Nowadays, there are dozens of hospitals and cancer clinics throughout the US and other countries that use massage and other touch therapies. Memorial Sloan-Kettering in New York City, Southwest Washington Medical Center in Vancouver, Washington, Stanford University in Palo Alto, California and Geffen Cancer Center Research Institute in Vero Beach, Florida are just a few. The fear surrounding massage does not come from oncology specialists.

The benefits of massage therapy for people with cancer are becoming more widely known, in part, because there are so many rewards and because they are so obvious. On the physical side, there is relief from pain, nausea, fatigue, insomnia, and muscle tension. On the emotional side, the healing of touch helps many people to allay their feelings of isolation, loneliness, depression and anxiety. Clients feel it improves their quality of life and stimulates the will to live. Besides, it just feels so darn good to get massaged when the effects of surgery, chemotherapy and radiation hurt so damn bad and make you feel like shit!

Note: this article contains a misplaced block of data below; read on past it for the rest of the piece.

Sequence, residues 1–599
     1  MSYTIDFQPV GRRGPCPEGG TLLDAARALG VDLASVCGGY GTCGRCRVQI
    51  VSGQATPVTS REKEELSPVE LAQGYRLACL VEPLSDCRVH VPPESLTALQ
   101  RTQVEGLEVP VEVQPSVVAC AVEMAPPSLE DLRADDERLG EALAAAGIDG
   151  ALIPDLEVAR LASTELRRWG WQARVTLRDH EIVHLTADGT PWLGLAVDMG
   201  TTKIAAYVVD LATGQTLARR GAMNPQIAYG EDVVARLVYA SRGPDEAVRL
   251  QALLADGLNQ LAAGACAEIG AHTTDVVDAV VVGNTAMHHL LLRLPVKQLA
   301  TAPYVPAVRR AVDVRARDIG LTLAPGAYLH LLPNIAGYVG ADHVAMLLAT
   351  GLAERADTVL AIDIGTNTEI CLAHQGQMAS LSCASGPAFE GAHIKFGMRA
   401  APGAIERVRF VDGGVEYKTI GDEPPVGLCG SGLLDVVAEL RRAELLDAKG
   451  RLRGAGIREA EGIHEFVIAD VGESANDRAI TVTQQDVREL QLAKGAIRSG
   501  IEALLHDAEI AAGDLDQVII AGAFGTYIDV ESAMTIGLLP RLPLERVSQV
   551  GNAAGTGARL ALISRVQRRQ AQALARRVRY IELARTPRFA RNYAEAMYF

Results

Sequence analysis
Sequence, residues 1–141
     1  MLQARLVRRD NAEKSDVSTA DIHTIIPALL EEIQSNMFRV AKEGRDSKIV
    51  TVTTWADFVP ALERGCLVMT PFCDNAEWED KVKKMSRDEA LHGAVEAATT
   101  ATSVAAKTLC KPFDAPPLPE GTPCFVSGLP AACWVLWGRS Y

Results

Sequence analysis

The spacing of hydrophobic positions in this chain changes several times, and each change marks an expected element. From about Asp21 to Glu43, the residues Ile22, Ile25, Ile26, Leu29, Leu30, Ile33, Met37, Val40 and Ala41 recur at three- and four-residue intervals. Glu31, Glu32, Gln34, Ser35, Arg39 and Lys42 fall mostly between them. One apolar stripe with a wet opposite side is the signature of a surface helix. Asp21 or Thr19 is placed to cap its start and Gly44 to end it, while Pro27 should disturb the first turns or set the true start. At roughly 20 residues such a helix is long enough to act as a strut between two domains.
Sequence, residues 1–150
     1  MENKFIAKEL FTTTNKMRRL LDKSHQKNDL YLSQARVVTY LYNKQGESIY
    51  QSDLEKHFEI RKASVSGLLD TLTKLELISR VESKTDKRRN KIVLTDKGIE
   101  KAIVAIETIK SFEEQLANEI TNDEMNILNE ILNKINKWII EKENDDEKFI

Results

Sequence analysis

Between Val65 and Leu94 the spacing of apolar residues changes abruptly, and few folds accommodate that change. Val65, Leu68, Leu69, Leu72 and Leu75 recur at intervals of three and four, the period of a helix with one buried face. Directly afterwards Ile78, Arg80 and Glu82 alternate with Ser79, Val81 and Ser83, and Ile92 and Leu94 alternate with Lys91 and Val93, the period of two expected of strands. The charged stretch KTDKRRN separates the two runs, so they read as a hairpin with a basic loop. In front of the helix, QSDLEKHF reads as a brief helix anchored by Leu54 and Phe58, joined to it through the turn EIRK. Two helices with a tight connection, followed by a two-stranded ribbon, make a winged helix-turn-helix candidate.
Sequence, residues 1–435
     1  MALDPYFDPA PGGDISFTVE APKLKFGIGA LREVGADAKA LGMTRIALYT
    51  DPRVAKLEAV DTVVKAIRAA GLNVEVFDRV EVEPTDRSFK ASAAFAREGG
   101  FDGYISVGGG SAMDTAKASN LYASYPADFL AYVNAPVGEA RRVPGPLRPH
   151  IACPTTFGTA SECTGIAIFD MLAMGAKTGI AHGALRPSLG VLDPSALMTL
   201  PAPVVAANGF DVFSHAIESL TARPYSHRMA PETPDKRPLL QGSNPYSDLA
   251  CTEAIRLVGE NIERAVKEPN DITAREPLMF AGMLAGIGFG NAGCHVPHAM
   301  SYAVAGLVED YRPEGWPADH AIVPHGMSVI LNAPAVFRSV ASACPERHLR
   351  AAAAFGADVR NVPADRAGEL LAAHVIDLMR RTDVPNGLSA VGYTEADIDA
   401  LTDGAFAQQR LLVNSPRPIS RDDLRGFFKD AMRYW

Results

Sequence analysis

I look back on the two years I was actively dealing with cancer and recuperating from treatment as a mixture of extreme highs and extreme lows. The massage treatments I received from my therapist were like islands of blissful relief in an ocean of sometimes hellish side effects and overwhelming terror.

I would like to invite any therapists who are afraid to work on cancer patients to educate themselves further, and if you are still squeamish, please be ready to refer your client to a knowledgeable therapist who would welcome the occasion. Don’t just leave the person dealing with cancer feeling even more isolated and outcast. And for the reader who is a cancer patient, if you are at first turned down by a therapist, keep looking. There are more and more of us out there who would love the opportunity to assist you in your healing process. After all, you know what you need more than anyone, and now is the best time to ask for it.

Alicia Swaringen is a Licensed Massage Therapist and Reiki Master, with a two-year certificate in Process Oriented Psychology, who was diagnosed with breast cancer in 1994. She created BodyWisdom Therapy, a combination of bodywork and counseling to help people unravel the messages of their bodies and to integrate the messages into their daily lives. She can be reached at 541-689-0430 or [email protected].